Used for millennia, biochar is gaining significant market traction for its versatility in dozens of applications and its primary environmental benefit of sequestering carbon indefinitely.By Ron Kotrba | February 21, 2020
Anthropology demonstrates the first evidence of controlled fire by human ancestors—Homo erectus—dates to 400,000 years ago, but some in the field assert this could span as far back as 1.7 million years. How soon afterward primitive humans developed charcoal is unknown, but experts believe they used it for cave drawings 32,000 years ago. The first documented use of charcoal was nearly 6,000 years ago, when ancient Egyptians employed the material in smelting ores to manufacture bronze from copper, tin and other metals.
“Biochar is not new—it’s been made and used for millennia,” says Melissa Leung, business development and marketing manager for Quebec-based GECA Environnement. “It’s coming back to life, and the industry is growing. Let’s not forget, it’s a known, green product. We know how to make and use it. It’s only a matter of who will do it.”
Biochar is made from a variety of feedstocks through various techniques, such as pyrolysis or gasification, and can be a byproduct, coproduct or main product of a given production process. It is produced in low- or no-oxygen environments with heat through which moisture and gases are burned off, leaving behind a carbon-rich product.
“In more technical terms,” describes the International Biochar Initiative, “biochar is produced by thermal decomposition of organic material (biomass such as wood, manure or leaves) under limited supply of oxygen, and at relatively low temperatures (less than 700 degrees Celsius). This process mirrors the production of charcoal, which is perhaps the most ancient industrial technology developed by humankind. Biochar can be distinguished from charcoal—used mainly as fuel—in that a primary application is use as a soil amendment with the intention to improve soil functions and to reduce emissions from biomass that would otherwise naturally degrade to greenhouse gases.”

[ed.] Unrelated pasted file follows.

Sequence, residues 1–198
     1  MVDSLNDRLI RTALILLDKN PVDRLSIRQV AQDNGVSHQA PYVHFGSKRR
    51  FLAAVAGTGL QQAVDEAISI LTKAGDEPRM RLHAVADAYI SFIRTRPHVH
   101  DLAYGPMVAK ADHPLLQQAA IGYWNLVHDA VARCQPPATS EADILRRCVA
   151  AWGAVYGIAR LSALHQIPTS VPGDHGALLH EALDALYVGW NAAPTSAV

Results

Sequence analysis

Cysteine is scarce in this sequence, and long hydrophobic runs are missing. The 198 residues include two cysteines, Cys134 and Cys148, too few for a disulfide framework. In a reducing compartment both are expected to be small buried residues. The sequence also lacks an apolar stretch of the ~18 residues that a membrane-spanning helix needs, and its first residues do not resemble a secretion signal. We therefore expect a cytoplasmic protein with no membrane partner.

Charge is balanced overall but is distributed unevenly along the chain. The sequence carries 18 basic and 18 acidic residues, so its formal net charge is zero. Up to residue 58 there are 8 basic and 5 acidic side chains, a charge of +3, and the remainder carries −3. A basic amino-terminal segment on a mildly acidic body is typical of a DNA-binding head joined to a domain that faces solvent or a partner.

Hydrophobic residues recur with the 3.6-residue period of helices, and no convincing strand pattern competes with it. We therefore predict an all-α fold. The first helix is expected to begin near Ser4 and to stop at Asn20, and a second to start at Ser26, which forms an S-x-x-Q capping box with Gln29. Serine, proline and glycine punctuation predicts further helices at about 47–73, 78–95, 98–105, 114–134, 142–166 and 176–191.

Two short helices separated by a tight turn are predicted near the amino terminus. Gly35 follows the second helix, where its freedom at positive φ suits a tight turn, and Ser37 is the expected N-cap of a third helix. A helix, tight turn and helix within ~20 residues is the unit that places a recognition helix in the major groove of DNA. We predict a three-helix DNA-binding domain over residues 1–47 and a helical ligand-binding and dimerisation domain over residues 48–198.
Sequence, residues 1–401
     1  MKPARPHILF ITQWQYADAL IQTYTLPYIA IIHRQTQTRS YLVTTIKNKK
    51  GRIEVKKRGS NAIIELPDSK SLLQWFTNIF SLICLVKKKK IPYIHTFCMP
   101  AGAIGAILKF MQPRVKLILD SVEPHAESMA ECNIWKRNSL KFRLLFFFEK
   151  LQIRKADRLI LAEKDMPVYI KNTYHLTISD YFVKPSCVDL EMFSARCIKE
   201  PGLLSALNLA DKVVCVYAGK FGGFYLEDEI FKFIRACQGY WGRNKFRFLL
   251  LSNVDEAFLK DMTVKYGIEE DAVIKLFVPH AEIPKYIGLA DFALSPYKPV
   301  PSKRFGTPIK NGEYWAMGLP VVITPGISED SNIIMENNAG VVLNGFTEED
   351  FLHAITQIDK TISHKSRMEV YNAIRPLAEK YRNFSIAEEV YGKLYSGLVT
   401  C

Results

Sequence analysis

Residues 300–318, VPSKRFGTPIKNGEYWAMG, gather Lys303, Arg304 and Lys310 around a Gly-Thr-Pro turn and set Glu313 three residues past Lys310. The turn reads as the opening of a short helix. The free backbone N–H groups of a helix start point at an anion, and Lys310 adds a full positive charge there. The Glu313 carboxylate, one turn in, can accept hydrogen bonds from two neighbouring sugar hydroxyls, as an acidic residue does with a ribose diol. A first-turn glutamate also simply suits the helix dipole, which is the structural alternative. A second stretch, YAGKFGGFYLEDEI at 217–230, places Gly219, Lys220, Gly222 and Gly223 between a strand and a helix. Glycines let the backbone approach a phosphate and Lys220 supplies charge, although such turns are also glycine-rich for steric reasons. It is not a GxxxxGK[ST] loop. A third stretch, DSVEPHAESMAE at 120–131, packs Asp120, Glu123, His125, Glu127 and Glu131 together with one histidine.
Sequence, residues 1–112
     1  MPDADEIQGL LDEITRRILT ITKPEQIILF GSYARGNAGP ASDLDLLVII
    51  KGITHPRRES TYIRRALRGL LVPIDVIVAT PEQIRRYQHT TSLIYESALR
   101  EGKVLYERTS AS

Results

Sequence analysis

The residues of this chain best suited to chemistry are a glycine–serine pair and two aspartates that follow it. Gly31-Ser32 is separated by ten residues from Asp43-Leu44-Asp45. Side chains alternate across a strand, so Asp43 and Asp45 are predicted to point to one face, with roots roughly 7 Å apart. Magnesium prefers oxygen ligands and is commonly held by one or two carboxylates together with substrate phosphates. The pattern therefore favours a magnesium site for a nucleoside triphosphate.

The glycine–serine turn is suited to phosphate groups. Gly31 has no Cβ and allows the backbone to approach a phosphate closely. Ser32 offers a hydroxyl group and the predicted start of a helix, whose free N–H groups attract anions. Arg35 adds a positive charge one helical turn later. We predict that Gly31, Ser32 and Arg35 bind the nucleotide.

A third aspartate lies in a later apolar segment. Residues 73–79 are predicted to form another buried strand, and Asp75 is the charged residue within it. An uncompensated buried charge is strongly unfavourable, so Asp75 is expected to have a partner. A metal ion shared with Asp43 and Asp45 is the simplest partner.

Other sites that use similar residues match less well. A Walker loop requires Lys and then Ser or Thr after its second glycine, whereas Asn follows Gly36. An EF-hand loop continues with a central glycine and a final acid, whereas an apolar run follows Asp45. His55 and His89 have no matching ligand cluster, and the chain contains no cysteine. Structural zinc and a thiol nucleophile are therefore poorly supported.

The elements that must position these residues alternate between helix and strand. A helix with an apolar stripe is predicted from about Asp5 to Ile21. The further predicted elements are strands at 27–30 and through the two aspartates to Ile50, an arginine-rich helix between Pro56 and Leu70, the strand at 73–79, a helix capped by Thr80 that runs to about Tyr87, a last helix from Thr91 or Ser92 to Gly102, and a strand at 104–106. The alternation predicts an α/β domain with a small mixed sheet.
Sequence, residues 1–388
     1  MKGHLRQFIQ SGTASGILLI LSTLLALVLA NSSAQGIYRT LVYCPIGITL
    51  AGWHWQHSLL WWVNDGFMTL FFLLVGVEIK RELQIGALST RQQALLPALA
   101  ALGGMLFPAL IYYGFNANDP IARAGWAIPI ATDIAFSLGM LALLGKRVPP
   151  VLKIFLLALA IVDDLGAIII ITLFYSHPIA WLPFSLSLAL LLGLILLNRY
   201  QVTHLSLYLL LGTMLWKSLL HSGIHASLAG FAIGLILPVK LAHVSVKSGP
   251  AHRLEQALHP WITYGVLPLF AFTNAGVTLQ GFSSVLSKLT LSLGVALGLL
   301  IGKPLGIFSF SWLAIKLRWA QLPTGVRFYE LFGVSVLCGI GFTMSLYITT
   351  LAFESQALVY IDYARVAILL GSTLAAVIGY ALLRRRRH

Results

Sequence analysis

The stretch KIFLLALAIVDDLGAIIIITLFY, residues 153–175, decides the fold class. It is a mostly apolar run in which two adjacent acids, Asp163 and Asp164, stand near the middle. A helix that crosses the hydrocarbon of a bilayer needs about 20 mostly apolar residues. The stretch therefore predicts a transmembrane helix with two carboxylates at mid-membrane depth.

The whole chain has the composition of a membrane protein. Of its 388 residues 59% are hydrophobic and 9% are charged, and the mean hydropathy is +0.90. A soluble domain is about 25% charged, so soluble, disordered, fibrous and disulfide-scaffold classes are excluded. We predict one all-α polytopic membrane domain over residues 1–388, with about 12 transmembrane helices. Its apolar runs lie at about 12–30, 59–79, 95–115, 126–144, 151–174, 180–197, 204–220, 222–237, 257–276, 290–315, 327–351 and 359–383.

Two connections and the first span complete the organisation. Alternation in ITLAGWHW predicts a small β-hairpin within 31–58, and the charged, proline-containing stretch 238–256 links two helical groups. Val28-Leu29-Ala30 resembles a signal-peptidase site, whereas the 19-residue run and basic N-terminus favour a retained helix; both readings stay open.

While biochar’s primary application is a soil amendment, Tom Miles, IBI board member and principal of T.R. Miles Technical Consultants Inc., says there are at least 55 documented uses of biochar listed in various articles. “It can be used in cement, or as a filler in plastics, also wallboard, building products, or added to anaerobic digesters to improve gas production at dairies,” he says.
On the surface, having such a broad range of uses for biochar may appear beneficial to its desirability and market value, but this vast list of product potentiality might actually be a detriment, according to Jonah Levine, vice president of development and co-founder of Biochar Solutions Inc. “The challenge for biochar is there are so many different stories to tell that it gets complicated,” Levine says. “People like a nice, neat story. Biochar has a lot of value, and it’s not a simple story to tell.” He adds that, in addition to the breadth of applicability being a challenge for people to understand what biochar is and how it can be used, biochar’s complicated story also “screws up” developing businesses. “Some want to produce biochar and think they’re going to do 10 different things with it, but that’s hard to do,”Levine says. “They should really choose one or two things and run with it, but they can get distracted. It’s important to know who the stakeholders are and give them a nice, neat package. The story of biochar in agriculture is tight. So is one on filtration, or animal feed. Each of those alone is a tight story. But blend them all together and it becomes challenging. The stakeholders are different. It becomes too large and unwieldy. It’s too hard for biochar to be all things to all people.”
Leung says although this may be true, she simplifies the story of biochar by advising that each biochar’s unique set of properties is the best indicator for suitable market applications, thereby narrowing the field of possibilities and uncomplicating the otherwise complex narrative. One type of biochar might work best as a soil amendment while another may be more appropriate for filtration, and another yet as an animal feed supplement—although the latter is not currently approved in the U.S., despite studies demonstrating large increases in daily weight gain and decreases in methane emissions from cattle.